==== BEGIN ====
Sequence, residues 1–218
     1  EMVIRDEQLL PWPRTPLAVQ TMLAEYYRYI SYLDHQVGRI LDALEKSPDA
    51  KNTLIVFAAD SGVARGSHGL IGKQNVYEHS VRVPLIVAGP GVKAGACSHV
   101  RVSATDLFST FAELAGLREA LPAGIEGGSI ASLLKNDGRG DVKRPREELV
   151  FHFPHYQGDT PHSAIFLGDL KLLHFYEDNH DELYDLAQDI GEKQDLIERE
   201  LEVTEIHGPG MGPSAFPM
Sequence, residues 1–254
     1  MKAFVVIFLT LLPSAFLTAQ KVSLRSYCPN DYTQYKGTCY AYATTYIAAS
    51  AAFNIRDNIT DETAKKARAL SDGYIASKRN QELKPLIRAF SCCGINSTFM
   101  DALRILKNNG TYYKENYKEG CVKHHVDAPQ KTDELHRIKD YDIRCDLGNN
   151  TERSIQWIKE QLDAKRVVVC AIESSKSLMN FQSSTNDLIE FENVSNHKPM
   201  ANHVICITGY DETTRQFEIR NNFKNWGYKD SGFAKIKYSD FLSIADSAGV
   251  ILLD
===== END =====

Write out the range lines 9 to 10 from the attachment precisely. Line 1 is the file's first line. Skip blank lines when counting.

    51  AAFNIRDNIT DETAKKARAL SDGYIASKRN QELKPLIRAF SCCGINSTFM
   101  DALRILKNNG TYYKENYKEG CVKHHVDAPQ KTDELHRIKD YDIRCDLGNN